STATES CHRONICLE – Scientists have a new plant in a small region in Baja California, Mexico, in Punta Colonet recently, and they named after Jimi Hendrix. Mark Dodero, a biologist, explained that he was listening to Jimi Hendrix when he found this amazing pink and succulent plant which was never before described. The plant grows to approximately one foot high, and it is a summer deciduous.
When researchers had discovered it, they thought about naming it Dudleya hendrixii which translates into “Hendrix’s live forever.” The study about this plant was first published back in October in the Madrono magazine. Scientists believed that nomenclature is just another opportunity to honor amazing artists who had an impact on our lives and whom we will always remember.
Another example illustrates the case of a Caribbean crustacean scientifically called Gnathia marleyi, being inspired by Bob Marley. Apparently, many other species were named after celebrities, like Bill Gates of Beyonce.
What is more, the idea of naming species after celebrities was first implemented back in 1750 by Carl Linnaeus who developed a modern taxonomy. Based on a legend, this Swedish botanist has called dayflowers after the Commelyns, resulting in Commelinaceae.
The name was chosen based on the fact that the plant has two petals facing upward and a small leaf below, thus perfectly fitting the Commelyn brothers. Two of them brought a significant contribution to science, while the third one contributed too little.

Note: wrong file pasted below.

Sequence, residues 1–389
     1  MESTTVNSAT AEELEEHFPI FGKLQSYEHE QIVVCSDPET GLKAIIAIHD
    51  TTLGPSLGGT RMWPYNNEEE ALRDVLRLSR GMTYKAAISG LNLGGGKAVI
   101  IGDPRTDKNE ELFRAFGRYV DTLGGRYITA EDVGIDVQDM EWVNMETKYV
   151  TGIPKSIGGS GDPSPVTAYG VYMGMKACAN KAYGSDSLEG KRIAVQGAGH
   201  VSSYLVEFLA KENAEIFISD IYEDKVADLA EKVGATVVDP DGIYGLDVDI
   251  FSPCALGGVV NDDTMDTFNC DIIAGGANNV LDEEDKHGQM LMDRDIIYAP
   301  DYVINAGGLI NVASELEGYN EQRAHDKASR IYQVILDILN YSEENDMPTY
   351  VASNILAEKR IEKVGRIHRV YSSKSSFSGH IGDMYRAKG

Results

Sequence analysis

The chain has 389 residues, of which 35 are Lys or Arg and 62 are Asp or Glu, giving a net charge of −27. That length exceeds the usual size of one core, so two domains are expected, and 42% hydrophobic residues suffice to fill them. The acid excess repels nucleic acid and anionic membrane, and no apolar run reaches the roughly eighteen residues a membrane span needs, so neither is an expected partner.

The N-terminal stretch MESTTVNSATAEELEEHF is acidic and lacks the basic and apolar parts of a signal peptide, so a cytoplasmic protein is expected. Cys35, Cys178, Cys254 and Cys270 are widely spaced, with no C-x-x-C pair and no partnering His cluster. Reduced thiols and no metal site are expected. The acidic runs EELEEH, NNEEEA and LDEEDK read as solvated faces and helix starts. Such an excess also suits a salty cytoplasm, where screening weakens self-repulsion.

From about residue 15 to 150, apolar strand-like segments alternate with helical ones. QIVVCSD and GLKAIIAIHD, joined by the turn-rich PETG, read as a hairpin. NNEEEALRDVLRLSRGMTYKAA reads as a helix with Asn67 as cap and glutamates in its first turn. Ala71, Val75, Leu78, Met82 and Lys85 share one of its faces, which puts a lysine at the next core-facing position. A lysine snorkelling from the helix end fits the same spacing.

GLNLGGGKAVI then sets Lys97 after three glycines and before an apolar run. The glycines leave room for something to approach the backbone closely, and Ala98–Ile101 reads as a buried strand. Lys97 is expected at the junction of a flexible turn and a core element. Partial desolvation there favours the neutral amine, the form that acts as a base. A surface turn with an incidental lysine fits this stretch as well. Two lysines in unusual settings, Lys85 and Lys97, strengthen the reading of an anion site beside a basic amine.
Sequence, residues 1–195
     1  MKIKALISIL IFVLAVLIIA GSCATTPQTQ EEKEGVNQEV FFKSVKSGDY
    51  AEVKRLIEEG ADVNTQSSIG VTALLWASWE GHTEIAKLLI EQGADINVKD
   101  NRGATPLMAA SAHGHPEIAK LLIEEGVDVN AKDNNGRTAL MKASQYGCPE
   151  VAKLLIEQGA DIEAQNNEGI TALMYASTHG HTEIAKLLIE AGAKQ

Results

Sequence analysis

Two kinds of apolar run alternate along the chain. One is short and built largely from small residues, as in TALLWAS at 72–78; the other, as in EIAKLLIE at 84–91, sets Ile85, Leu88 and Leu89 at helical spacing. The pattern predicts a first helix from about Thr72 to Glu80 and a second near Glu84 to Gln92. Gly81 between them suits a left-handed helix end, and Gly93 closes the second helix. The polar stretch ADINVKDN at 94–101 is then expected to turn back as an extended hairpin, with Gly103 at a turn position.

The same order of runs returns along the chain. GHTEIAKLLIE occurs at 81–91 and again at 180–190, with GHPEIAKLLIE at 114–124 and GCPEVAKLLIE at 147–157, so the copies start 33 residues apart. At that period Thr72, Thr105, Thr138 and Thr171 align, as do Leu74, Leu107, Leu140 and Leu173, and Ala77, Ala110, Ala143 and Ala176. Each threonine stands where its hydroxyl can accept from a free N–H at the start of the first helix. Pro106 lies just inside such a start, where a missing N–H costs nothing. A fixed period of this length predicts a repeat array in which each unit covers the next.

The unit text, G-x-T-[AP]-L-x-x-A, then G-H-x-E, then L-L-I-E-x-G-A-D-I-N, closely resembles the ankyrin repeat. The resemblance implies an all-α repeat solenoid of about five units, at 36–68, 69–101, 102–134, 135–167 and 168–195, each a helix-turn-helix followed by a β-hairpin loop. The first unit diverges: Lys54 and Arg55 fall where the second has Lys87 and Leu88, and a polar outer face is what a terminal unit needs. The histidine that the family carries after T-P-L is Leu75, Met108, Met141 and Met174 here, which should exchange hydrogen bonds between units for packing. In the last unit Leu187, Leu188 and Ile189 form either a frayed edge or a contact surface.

Apparently, there is also another side of this celebrity nomenclature. This may suggest a PR move meant to be conservation-minded. Just like politics, conservation represents a game of public entreaty. This is very tricky since we know that there are many endangered species which need to be protected, but environmental activists would only choose to save and focus on the commercial ones.
That is a very dangerous strategy, jeopardizing the welfare of so many species. A study from 2008 which was published in the Biodiversity and Conservation magazine has proved that the cover of that magazine which talk about US conservation and nature used to feature mainly bird and large mammals in the detriment of invertebrates, amphibians, and reptiles. For example, a new species of beetle would never receive the same response from scientists.
Image courtesy of: wikipedia